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Los Angeles Film Festival presented by Film Independent
2011 Reviews

Attack the Block poster Attack the Block (R) *** 1/2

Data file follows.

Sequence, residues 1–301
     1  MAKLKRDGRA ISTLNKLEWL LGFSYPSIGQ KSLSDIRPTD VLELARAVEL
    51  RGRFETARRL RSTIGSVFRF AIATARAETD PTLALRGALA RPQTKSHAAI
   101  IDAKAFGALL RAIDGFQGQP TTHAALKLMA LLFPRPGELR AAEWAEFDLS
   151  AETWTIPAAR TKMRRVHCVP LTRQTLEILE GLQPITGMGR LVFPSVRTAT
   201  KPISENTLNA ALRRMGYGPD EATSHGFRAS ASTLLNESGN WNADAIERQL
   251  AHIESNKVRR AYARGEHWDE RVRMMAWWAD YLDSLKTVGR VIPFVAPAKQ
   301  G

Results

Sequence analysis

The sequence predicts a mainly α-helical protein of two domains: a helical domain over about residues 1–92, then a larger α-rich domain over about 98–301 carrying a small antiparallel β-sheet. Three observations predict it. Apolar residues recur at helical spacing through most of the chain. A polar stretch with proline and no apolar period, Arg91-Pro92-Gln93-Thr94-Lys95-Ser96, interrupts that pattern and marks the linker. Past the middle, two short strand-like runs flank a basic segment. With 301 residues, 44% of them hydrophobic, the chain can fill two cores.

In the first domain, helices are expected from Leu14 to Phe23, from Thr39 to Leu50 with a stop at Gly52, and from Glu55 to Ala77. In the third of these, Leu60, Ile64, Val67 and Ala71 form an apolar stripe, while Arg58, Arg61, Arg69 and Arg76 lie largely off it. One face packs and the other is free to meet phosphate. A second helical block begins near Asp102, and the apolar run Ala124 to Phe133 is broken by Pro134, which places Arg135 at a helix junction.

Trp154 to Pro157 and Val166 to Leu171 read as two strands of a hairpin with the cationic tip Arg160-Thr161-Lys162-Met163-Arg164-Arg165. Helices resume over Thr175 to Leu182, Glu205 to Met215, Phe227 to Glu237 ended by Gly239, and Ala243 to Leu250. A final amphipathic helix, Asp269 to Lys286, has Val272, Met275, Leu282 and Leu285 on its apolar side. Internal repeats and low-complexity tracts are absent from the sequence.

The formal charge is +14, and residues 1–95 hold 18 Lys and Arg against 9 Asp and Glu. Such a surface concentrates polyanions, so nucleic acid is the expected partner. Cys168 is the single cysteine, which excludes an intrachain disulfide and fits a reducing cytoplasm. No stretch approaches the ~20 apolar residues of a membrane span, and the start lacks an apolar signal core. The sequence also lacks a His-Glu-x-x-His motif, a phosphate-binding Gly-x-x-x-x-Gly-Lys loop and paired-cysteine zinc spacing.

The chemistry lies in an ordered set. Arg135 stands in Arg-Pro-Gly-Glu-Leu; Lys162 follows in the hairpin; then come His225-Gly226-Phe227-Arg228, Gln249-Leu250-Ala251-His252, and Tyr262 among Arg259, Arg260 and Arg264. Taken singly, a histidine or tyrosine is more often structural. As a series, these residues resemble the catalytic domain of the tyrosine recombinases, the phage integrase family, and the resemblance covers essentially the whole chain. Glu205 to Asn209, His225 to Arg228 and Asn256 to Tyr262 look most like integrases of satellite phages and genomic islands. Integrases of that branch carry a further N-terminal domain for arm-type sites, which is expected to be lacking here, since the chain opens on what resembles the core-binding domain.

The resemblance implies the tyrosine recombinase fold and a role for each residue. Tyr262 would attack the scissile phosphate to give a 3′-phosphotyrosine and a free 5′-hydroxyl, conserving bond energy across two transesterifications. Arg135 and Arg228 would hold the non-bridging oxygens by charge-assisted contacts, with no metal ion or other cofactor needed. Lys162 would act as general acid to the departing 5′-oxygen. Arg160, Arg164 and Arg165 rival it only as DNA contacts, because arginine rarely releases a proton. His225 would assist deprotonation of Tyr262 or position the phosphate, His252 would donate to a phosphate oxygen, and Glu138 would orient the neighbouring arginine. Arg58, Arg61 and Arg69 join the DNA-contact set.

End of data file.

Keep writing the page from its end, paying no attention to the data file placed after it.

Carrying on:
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A low-budget sci-fi/action/horror comedy that pays affectionately cheeky homage to not only those genre films of the '80s era but also gang films like The Warriors--executive produced by Edgar Wright and featuring Nick Frost in a small part, no less--the film has insta-cult hit written all over it, but I do think there's real potential for word of mouth to break it through to a mainstream audience. Never mind that low budget, cast of unknowns, and those South London accents--the film is just a hell of a lot of fun, not to mention finds a fresh angle to the oft-done alien invasion premise: said killer creatures land in a rough urban neighborhood, and the only hope at saving the block is a teen street gang and a young nurse (Jodie Whittaker, the only familiar face aside from Frost)... that they just mugged. Despite the core cast of teens, Super 8 this most certainly is not, and I'd actually say this is the film most mainstream moviegoers were expecting that to be: that is, more of a non-stop action thrill ride. And like Wright has done with his films, writer-director Joe Cornish has made one that has its cake and eats it too, in that it holds up as a solidly executed example of the genres and conventions it intelligently satirizes; the banter and byplay and dark comedy is hilarious, but the bread and butter that are the action sequences are genuinely suspenseful and exciting. But making the film even more impressive is how cleverly Cornish turns apparent limitations into assets: the aliens are low-tech pitch black furballs with glowing teeth, but with their design simplicity does come mystery and therefore menace; the film's action is takes place in and around one apartment building, making for a Die Hard-esque labyrinth of confined spaces; and use of first-time actors to play the gang adds not only authenticity, but actual suspense as to who will survive or not--not to mention gives Cornish a chance to make some true talent discoveries, and he's uncovered a star in the making in John Boyega. As Moses, the tough leader of the gang, Boyega doesn't speak much, but his expressions and actions are as eloquent as any passage of dialogue, and as the film ever so surely calls for Moses to take on the mantle of badass action (anti-)hero, Boyega's charisma and presence makes the transition seamless and believable. He--and Cornish--are names to watch, and Attack the Block is certainly a film to watch as it gradually makes its way into U.S. theatres later in the summer.